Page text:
The pasta challenge!

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Recently I determined that I would commit an unfeasible amount of time to perfecting my pasta making skills. I was working in Bosa in Sardinia for a month and during this trip I committed four hours a day to the pasta project and now I want to share the final recipe that I came out with as my winner.

Bosa, Sardinia

I armed myself with a mound of old cookbooks – especially ones about pasta making technique and sought local advice.

I knew what I wanted to achieve. I wanted a silky pasta, easy to manipulate and reasonably quick to make. I also wanted to understand the best way for me to make it and just how modern I wanted to go with the process. I was open minded about the use of technology. So for this reason I took all sorts of gadgets.

My twenty year old Kenwood chef complete with pasta dies, extruders and rollers.

I also took the classic little hand pasta and roller machine and at the bottom end of technology I took a 100cm rolling pin and a mixing bowl!

I wanted to produce a pasta suitable to make ravioli (but I didn’t need it robust enough to hold meat). I wanted to make linguine, farfalle and maybe if I got the time get onto some funky twisted shapes too.

But the main thing was to master the pasta itself.

So I set to work testing what felt like a million variations on a theme – make and throw – make and throw – make and throw and on and on it went!

So these are the basic principles I finally learned and absorbed in their most simple form:

The flour – flours are either labelled by their use, baking, bread, pasta etc or by a number which indicates the fineness of the grind – Tipo 00 for instance.

However it is the protein in the wheat that determines the characteristics of the flour. So the sturdier you want the pasta to be the more robust you want the protein to be. Because I wanted a silky feel I use Tipo 00. However if you want a sturdier more crunchy pasta make the flour mix 50% Tip 00 and 50% bread flour.

The water – the type of water you use has a big impact on the final pasta and I experimented with tap water, bottled water and even flavoured stocks. I settled on tap water but if you don’t get the result you want try changing the water type.

Eggs – You should use the freshest eggs in medium size. If you want the pasta to be a little stronger in colour and slightly firmer add another egg yolk to the recipe.

Oil – I use quite a tangy olive oil but you can use any oil you like especially if you want to change the flavour a bit – for instance by using lemon oil.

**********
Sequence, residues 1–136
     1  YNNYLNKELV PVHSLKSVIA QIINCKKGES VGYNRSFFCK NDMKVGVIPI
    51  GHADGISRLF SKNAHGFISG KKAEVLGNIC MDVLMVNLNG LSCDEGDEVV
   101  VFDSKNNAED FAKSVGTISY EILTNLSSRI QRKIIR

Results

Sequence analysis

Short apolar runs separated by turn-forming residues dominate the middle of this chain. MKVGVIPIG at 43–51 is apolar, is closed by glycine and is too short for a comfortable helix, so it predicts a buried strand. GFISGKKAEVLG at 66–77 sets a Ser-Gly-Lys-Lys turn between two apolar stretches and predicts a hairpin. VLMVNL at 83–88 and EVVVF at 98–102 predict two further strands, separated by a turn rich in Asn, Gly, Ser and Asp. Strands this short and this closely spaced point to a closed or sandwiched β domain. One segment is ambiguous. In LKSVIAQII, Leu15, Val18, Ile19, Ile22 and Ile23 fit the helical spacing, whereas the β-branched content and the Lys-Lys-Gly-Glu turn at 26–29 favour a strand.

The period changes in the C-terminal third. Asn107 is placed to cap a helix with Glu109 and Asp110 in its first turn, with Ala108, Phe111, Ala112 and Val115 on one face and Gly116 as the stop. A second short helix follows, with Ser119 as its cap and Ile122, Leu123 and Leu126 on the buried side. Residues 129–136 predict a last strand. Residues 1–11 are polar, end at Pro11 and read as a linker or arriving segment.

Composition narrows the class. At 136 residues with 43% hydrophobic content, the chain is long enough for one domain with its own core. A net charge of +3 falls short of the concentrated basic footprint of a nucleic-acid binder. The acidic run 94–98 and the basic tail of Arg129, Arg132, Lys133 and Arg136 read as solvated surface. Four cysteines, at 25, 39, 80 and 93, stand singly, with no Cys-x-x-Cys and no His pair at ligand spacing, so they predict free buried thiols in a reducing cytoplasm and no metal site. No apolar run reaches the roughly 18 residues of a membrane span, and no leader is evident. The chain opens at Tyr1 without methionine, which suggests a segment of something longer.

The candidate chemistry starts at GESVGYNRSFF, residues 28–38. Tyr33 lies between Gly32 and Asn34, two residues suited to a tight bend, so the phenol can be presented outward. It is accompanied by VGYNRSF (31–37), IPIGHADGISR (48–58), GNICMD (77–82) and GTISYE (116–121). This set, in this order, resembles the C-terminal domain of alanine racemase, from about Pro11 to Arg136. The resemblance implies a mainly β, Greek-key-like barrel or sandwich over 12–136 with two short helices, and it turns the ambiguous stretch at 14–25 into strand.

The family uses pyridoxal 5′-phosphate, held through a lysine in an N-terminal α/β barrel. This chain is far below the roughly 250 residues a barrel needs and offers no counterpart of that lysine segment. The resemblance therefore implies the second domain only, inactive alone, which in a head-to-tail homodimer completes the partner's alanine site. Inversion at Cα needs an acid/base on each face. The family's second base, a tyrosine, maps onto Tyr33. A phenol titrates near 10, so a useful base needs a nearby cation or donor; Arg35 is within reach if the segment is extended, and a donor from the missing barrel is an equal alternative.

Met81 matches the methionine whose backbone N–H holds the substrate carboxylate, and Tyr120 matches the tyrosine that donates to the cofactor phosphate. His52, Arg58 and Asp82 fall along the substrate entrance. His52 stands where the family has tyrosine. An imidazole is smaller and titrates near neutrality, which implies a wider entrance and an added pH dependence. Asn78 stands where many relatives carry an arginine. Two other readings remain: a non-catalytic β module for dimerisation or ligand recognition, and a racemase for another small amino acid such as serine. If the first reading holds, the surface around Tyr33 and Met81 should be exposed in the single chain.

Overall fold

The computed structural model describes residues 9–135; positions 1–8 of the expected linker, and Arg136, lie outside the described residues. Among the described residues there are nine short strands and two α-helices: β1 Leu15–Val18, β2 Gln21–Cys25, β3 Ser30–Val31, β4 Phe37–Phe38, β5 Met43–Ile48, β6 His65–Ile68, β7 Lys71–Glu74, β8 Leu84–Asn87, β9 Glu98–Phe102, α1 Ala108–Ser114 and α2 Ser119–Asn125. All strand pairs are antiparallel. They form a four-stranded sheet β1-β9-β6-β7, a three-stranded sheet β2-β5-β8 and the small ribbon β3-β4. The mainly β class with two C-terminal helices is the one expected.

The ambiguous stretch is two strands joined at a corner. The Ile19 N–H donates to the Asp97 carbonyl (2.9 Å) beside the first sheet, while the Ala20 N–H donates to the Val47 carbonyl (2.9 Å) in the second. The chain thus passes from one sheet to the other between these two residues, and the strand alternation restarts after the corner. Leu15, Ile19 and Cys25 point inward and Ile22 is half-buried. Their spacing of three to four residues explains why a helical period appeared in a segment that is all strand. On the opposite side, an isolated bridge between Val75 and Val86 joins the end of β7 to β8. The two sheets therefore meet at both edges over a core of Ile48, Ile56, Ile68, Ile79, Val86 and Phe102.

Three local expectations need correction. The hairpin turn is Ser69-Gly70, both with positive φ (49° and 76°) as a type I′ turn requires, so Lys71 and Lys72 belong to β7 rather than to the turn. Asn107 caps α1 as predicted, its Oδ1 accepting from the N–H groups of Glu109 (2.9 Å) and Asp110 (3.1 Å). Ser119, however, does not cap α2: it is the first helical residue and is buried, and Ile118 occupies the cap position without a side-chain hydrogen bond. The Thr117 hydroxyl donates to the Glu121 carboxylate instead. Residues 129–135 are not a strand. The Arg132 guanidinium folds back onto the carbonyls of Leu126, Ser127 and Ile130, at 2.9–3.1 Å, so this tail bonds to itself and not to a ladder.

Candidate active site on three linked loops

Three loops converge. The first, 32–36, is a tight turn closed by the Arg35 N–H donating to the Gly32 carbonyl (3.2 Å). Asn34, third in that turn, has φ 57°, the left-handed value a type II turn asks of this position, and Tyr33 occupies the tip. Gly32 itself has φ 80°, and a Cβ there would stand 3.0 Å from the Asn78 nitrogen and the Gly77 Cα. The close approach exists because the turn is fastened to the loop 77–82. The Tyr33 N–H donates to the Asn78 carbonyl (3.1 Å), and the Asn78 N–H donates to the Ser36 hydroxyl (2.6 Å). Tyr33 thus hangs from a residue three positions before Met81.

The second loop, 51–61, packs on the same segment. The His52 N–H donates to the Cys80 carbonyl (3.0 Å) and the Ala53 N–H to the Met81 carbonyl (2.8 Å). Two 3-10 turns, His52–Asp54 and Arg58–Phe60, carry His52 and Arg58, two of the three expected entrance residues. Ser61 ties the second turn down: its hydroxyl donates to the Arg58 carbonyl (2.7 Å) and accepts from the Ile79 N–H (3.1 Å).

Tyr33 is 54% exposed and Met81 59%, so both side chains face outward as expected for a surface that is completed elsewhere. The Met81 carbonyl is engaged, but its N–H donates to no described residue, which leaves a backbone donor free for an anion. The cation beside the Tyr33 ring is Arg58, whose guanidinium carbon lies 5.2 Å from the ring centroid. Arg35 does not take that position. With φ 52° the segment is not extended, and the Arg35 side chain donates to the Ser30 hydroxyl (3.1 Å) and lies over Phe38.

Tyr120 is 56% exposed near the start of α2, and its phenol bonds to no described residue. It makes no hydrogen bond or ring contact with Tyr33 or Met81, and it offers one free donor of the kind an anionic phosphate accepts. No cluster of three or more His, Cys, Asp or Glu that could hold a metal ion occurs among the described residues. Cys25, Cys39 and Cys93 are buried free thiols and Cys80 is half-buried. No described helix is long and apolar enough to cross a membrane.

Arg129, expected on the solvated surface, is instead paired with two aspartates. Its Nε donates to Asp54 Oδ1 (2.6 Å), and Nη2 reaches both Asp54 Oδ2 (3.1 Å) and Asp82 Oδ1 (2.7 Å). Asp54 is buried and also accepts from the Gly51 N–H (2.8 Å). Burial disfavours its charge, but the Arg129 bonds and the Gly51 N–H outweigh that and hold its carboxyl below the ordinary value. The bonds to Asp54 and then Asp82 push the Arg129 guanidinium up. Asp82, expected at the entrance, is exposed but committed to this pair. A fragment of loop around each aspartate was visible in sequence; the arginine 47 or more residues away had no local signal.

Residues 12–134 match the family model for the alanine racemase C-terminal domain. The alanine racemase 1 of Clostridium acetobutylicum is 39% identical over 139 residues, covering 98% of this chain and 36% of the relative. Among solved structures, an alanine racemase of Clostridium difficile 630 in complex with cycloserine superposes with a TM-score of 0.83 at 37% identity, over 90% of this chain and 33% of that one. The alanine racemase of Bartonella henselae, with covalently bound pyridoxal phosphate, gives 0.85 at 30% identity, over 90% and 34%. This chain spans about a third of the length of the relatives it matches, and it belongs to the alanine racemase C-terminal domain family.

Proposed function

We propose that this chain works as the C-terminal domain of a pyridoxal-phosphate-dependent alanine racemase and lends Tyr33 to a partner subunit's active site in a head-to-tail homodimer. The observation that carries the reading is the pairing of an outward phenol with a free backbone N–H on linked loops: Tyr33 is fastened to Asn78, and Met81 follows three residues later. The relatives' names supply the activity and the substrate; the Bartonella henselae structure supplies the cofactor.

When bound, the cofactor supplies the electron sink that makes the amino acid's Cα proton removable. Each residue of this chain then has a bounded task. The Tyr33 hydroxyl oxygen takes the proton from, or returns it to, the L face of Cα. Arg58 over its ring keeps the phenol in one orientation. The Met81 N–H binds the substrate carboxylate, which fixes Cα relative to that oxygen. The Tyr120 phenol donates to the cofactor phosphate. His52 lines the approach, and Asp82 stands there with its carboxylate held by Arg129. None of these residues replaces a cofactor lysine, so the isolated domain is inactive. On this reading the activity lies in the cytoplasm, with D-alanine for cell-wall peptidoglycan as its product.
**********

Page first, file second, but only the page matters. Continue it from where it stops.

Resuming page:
I played around with so many variations but came to the conclusion that my favourite recipe most versatile for pasta is as follows:

300g Tipo 00 flour

3 whole eggs (lightly whisked)

1 tablespoon of olive oil

1 tablespoon of tap water

This quantity serves four people.

I put all of the ingredients in my Kenwood Chef with the K beater on and put it on medium speed and run it until the ingredients first come together.

I then take it out and knead it on a floured board for about five minutes until it becomes silky and elastic.

I then flatten it a little, cover it with cling film and leave it to rest in the fridge for at least 40 minutes.

Take out of the Kenwood Chef as soon as the ingredients come together
Cover with cling film before resting in the fridge

Next I cut the pasta into four sections with a pasta scraper to make the size manageable and cover the rest with cling film whilst I work with one section at a time.

By the way I found this cling film dispenser made my life easier and I never got into my usual annoying tangle so thought I’d mention it.

After experimenting with the hand rollers and Kenwood Chef machine rollers I found that actually although there was a lot to be said for both of them in terms of speed and accuracy I just found the traditional rolling pin better.

I found that in many ways it was more flexible in terms of creating the shape you want to work with. For instance if you are making round ravioli then it is a better to roll out the pasta in a circle – it makes better use of the sheets – but you cannot do this on either machine.

Plus the cleaning up is simple. You never have to wash it, just scrape it down and put it away. I made a dust bag and hung it as I didn’t have a cupboard that long!

Rolling out for raviolli
Loved this traditional linguine cutter
Linguine drying – I found this worked better in the fridge
Stamping the ravioli
Had a go at making farafelle which was surprisingly easy
My first attempt……
and this is called rough cut…any leftovers you can cut like this and make with an arrabbiata sauce.

This pasta can be used with any sauce recipe you make.

Just boil it in salted water for three minutes. Start the timing after the water comes back to the boil when you have put the pasta back in.

Now a final note on salt. There is no salt in this recipe and the water it boils in and the sauce are what adds the salt. So make the water taste as salty as you want the pasta to be. This is more than you expect – often a few tablespoons.

I use de ionised Kosher salt which is perfect for cooking it has a less intense more natural taste.

Carole Mason

Food and Travel - Author of Mae's Ancient Thai Food

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Carole Mason

If you would like to work with me or try my food please get in touch with me at carole@carolemason.co.uk